Mateo Tannatt's "Horse" at Gallery Diet, a Lot More Than Meets the Eye
Courtesy of Gallery Diet
Gallery Diet has been a part of Wynwood's art scene long enough for many locals to imagine its layout. So we'll say exactly what most people think when they walk inside: What a waste of space — intentionally so. Mateo Tannatt, an L.A.-based artist making his first solo effort in Miami, is an agent provocateur whose work, or rather the appreciation of his work, relies on a little legwork from the viewer.
This is not a question of what constitutes art or the pornographic verbiage that's usually unsolicited to explain it; this is a form of art pranksterism that's most closely related to entertainment that surreptitiously educates.
Tannatt's body of work deals with "formal inquisitions of space via sculpture, video, and painting," according to the gallery's press release. This has been evidenced by his Frieze Projects venture in 2013, for which he created a landscape from objects and props and had a performative element with actors and performers working from scripts that allowed viewer participation.
In Gallery Diet's exhibit, the main room is populated by a rubber sculpture of a door, a metal sculpture of two halves of a large pipe, and a conglomerate of odd-sized/shaped boxes in varying degrees of completion assembled closely in the middle of the room. Studio Agony (Revisited), his most recent video work, is projected on the gallery's largest wall. The effect is immediate, or rather immediate after you realize its purpose.
In his preview of this month's Second Saturday Art Walk, New Times art critic Carlos Suarez De Jesus succinctly summarizes the purpose: "Tannnatt offers a contrasting meditation on the shifting nature of the urban landscape" and arrives at the logical conclusion, "[his] eerie imagery unexpectedly communicates Wynwood's radical transformation over the past decade."
Now, how much of that is deliberate is up for debate. Tannatt's work inherently challenges interpretation. Yes, there is something familiar and comforting about known objects such as the pipe and the door, but the door is made of rubber, sags a bit, and is ultimately a sad replacement of the real thing; where there might've been an invitation in, there's only the cold shudder of phoniness. Even the pipes, surely a stylized "S" if seen from above, lack the physical linking, and their shadows, cast from somber red, green, and blue lighting directly above them, create the 3D effect of misaligned and cheaply printed Bazooka Joe comics.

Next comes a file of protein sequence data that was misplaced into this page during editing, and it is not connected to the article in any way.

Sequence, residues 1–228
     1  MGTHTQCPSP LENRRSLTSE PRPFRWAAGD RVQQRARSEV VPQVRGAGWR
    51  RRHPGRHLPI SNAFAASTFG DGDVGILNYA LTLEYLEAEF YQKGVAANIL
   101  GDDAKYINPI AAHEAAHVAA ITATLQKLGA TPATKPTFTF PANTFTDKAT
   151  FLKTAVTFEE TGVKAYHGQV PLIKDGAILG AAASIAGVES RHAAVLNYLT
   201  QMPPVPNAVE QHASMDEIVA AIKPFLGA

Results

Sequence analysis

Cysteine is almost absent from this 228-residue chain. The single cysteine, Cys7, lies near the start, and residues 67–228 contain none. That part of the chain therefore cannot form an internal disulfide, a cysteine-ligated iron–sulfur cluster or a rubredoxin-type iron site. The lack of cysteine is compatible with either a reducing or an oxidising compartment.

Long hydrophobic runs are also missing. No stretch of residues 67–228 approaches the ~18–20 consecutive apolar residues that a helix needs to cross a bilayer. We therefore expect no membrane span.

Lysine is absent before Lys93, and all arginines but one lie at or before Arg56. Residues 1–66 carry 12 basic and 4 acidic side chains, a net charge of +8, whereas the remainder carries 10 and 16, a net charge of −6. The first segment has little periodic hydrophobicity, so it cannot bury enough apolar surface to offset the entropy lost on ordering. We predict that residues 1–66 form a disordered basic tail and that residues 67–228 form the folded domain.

Courtesy of Gallery Diet
The grouping in the middle is the hardest sell. Available individually or as a full set, they offer the most intriguing point of contemplation – essentially brightly painted pedestals, the majority of them lack objects atop, rendering their intended purpose useless, and the few that carry something, be it a found cement stone or a pair of industrial and oversize boot/galoshes imprint casts, are also seemingly lost in utility.
The video, an exploration of an industrial landscape/warehouse interior in disarray and decay, populated by wandering farm animals and the lone figure of a man suspended in its midst, observing the proceedings, and being willfully ignored by them is a perfect companion to the sculptural elements. What's the endgame here? What's the question-and-answer regarding man's print on Earth, and what does it say about our species' survival if we're so unforgivingly transient and destructive in our cohabitation on the planet? Are these animals dumb for just walking around without purpose, or are they doing only what is natural to them, even in an unnatural environment?
Sure, there is a human there, but it is so much of a WTF that it translates directly unto the gallery floor — so, are you the suspended human figure, or are you the animal walking around the objects with no real purpose? Is this a clever fourth-wall break in reverse, or have I now fallen prey to my earlier jab at the nature of art writing? As a viewer, I certainly enjoyed the challenge, but now I'm overpopulating my interpretation of it. Suarez De Jesus is absolutely right in how Tannatt's work mirrors Wynwood's transformation, and it is more than just the physical and tangible — it is also how our perceptions of the neighborhood and our attitudes toward them have changed in tandem.
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Furthermore, is the show's name, "Horse," another juxtaposition, in this case between the loyal, strong, and majestic animal and the basketball game of copycatting shots? Think about that and think of Wynwood and the rest of the art world or, in some cases, the rest of the art world and Wynwood.
Tannett's work in the back room, three hung paintings and one on the floor, are studies in "aerial geometry, mathematics, and color implications" that recall the works of op-artist Victor Vasarely and the kinetic artist Carlos Cruz-Diez. The feel there is looser and a little kitschier; if the main room makes you think, this room makes you relax and enjoy yourself. These are fun pieces if you can take comfort in simplicity and bright colors.
This show will suffer from the first, knee-jerk reaction the majority of goers will have. It does seem like a very large shell for very little. But if viewers linger long enough to watch the ten-minute video, there's a fairly good chance the artist's intent will come through. This is strong and refreshing; it's good to know we are at that point artistically in this scene's meteoric rise where we can poke fun at ourselves but with the intention of creating dialogue.
Mateo Tannatt's "Horse" will be on display through May 2 at Gallery Diet, 174 NW 23rd St., Miami. Call 305-571-2288 or visit gallerydiet.com.
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